Pinus luchuensis / Luchu pine

subgenus Pinus, section, Pinus, subsection Pinus. This is one of the “classic” old-world, 2-needled, hard pines.

Pinus luchuensis, was first described in 1894 by H. Mayr in Über die Kiefern des japanischen Reiches. © Beihefte zum Botanischen Centralblatt vol. 58. It is commonly known as Luchu pine, or Ryukyu Island pine; as well as リュウキュウマツ in the Japanese language. This is the dominant pine in Japan's Ryuku islands, which are locally known as the Luchu islands, hence the species and common names.

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Description. Luchu pine is an evergreen coniferous species of tree that grows to mature heights of 50 to 80 feet (15 - 25 m); with a trunk up to 40 inches (1 m) in diameter, measured at breast height; and a flat-topped, open crown with numerous long, slender, upwardly angled branches, heavily clothed with foliage at the tips.

  • Bark is gray, almost perpetually smooth, eventually beginning to flake while darkening to grayish black, breaking up into irregular plates.
  • Twigs are colored yellowish brown with tufts of tiny hears, rough with the bases of scale leaves.
  • Foliar buds are 0.4 to 0.8 inch (1 - 2 cm) long, colored reddish brown and resinous.
  • Leaves (needles) are borne in fascicles of 2, each measuring 4.8 to 7.2 inches (12 - 16 cm) long, slender, stiff and straight and are retained for 2 to 3 years on the tree. Individual needles are dark green in color with lines of stomata on both faces.
  • Foliar sheaths measure 0.4 to 0.6 inch (10 - 15 mm) long, weathering to 0.2 to 0.4 inch (5 - 10 mm), persisting for the life of the foliar bundle.
  • Pollen cones are borne densely crowded at the shoot tips, measure 0.48 to 0.8 inch (12 - 20 mm) long and are reddish brown in color.
  • Seed cones measure 1.2 to 1.6 inches (3 - 4 cm) long. They are ovoid shaped, comprised of 60 to 80 seed scales, colored green when young, maturing to dull, yellowish brown. They persist for some time on the tree before falling along with their 0.4 inch (1 cm) long peduncle.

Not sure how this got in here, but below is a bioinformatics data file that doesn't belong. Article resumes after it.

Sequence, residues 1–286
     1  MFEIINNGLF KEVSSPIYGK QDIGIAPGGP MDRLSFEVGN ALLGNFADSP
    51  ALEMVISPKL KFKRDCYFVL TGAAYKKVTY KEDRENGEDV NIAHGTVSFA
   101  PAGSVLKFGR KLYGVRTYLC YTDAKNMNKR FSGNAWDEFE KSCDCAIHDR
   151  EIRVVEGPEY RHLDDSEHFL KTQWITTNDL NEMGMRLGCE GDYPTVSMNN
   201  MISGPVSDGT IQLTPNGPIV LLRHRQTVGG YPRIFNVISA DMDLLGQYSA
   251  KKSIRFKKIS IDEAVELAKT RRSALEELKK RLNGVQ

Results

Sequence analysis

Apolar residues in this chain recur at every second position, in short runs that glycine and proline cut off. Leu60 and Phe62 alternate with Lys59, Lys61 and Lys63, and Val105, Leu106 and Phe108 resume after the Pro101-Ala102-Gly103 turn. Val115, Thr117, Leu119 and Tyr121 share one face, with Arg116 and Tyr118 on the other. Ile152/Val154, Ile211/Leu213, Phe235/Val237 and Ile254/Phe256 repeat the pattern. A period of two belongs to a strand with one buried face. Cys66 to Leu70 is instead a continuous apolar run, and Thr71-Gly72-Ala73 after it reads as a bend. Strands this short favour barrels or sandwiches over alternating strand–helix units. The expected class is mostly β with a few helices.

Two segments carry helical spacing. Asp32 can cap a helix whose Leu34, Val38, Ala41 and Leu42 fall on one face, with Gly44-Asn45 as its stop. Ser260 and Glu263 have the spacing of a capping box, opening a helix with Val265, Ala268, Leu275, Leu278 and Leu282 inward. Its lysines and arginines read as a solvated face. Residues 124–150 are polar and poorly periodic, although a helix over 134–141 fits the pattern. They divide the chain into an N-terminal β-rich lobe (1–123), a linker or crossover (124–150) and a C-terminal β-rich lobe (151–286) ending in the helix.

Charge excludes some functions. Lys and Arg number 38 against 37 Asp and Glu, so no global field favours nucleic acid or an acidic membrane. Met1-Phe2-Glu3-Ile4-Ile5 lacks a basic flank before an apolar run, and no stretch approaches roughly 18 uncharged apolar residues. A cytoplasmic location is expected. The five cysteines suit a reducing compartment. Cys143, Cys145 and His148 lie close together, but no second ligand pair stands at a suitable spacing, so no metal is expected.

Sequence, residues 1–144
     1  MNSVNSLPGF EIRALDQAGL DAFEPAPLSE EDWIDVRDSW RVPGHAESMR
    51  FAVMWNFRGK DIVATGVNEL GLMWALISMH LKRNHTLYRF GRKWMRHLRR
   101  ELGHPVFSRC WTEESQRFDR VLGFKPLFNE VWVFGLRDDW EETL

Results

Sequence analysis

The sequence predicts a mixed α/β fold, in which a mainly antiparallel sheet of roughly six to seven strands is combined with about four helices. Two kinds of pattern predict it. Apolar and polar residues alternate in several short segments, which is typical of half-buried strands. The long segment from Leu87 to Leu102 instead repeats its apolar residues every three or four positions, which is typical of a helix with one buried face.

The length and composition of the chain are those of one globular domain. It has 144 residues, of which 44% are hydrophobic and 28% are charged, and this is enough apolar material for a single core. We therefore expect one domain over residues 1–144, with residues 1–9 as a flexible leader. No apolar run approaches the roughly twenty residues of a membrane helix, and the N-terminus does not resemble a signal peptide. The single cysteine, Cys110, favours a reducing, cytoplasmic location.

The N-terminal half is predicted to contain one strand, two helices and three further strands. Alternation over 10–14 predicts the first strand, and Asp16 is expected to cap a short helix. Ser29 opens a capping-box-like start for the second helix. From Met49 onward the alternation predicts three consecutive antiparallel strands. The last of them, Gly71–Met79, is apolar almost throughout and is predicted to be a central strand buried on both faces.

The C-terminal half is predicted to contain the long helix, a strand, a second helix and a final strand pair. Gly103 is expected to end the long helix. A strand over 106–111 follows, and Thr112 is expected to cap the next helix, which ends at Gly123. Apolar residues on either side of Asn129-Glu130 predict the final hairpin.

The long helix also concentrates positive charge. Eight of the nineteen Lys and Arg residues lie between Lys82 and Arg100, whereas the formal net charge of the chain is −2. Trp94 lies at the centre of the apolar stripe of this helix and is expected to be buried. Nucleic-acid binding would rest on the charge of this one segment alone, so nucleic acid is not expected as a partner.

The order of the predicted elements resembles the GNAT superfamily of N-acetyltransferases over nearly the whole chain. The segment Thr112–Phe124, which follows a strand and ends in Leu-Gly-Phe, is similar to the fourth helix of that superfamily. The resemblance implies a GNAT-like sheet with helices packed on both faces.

• Seed scales are paddle-shaped with a irregularly fan-shaped, flat exposed face, crossed by a low ridge, topped by a small, slightly protruding umbo.
  • Seeds measure 0.12 to 0.16 inch (3 - 4 mm) long with an easily detachable wing, 0.36 to 0.48 inch (9 - 12 mm) long.
P. luchuensis, when compared to P. taiwanensis, has longer needles, 4.8 to 7.2 inches (12 - 16 cm) versus 3.2 to 4.4 inches (8 - 11 cm), fewer resin ducts (2 to 3 versus 4 to 7); shorter cones, 1.6 to 2 inches (4 - 5 cm) versus 2.4 to 2.8 inches (6 - 7 cm); thinner bark; and different inner bark coloration (pale yellow-white vs. pale red-white).
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Distribution. This species is native to Japan — Okinawa and Ryukyu Island, growing near sea level, in habitats ranging from large pure stands to broadleaf-conifer forest to subalpine meadow.

Hardy to USDA Zone 9 — cold hardiness limit between 20° and 30°F (-6.6° and -1.1°C).

Attribution from: James E. Eckenwalder; Conifers of the World; ©2009, Timber Press, Portland, Oregon.

Pinus luchuensis — a mature tree growing in habitat in Iriomote Jima, Japan.
Photo by Tzuhsun Hsu, via Wikipedia; Public Domain photo
Pinus luchuensis — foliage and mature seed cone in situ at Kinmen National Park, Japan.
Photo by KMNP service

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